I would first of all like to thank the member for Wide Bay for moving this motion. It's something that has been very close to my heart for many, many years, having lost my uncle to lung cancer, an aunt to chronic emphysema and many other relatives to diseases caused by smoking. Illicit tobacco is both a cancer on our society and a leading cause of cancer in our communities. I am greatly concerned about the impact of the legal tobacco industry. Australia, as we know, has led the world in tobacco harm reduction, but our smoking rates are stubbornly around 10, 11 or 12 per cent or even higher in some communities, particularly Indigenous communities.
We must do more to get those rates down because they have a significant impact both in terms of hours of care and in terms of cost to our health system not just from lung cancer but from a variety of other cancers, such as bowel cancer, prostate cancer and even breast cancer. Tobacco smoking increases the risk significantly for those cancers. There are also a number of people with chronic lung disease, emphysema and chronic obstructive airways disease that are putting huge pressure on our public hospital system. We must get our smoking rates down.
Of course, illicit tobacco is making this problem much worse. It causes significant harm in our communities. It reduces the cost of smoking because illicit tobacco is often sold much cheaper than tobacco that is regulated. This is one of the reasons our chronically stubborn smoking rates have been hard to get down. It is causing significant harm in our children and adolescents, especially those in lower socioeconomic communities and those who have been targeted by not only illicit tobacco but now illicit vaping products.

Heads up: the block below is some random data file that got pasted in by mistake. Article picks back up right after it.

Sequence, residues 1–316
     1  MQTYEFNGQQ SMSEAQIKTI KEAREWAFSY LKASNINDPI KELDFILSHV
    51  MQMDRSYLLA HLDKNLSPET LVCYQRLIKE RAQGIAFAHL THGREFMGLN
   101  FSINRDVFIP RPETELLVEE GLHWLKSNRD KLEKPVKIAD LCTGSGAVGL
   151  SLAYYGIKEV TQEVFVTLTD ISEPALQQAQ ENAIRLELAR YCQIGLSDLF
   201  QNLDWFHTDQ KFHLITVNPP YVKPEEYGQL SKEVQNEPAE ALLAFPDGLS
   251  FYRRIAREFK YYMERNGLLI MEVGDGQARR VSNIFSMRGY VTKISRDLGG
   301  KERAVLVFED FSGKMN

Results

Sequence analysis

Regardless of all these things, our government is taking action on both the legal and the illicit tobacco industry. Illicit tobacco is a major issue facing our nation virtually wherever you go in metropolitan, rural and regional areas. It has significant law and order implications, particularly in terms of control, and of course organised crime is heavily involved in the procurement and sale of illicit tobacco. It goes straight into the hands of organised crime, and they, of course, have no compunction in selling it to children. Despite the valiant efforts of the Illicit Tobacco Taskforce, more needs to be done. We need to make sure that we adequately police illicit tobacco, that imports are confiscated and that the money organised crime is making from these products is taken by the government as well.
We also must be much stronger in policing our vaping products. We've already seen significant numbers of schools, including primary schools in my electorate of Macarthur, having to confiscate vaping products as well as illicit tobacco. There are joint efforts between the Illicit Tobacco Taskforce, the ATO and police in my state of New South Wales. Operation Junglevine2 involved raids on illegal tobacco plantations across New South Wales and the confiscation of 264 tonnes of illicit tobacco. By removing this tobacco from the market we are helping reduce our smoking rates and improving our health system at the same time.
Recently the ABF supported joint Operation Aberdeen—which involved the Queensland Crime and Corruption Commission, Queensland police, the ATO, Queensland Health and the TGA—in confiscating almost $1 million in cash, eight million cigarettes and 3.74 tonnes of loose-leaf tobacco and 60,000 vapes. It's a huge industry. It's causing huge harm. Our government is working to police and to control illicit tobacco and vapes. We are doing our best, but organised crime is very clever. Organised crime requires significant policing, and our government is doing their best to make sure that we keep this under control.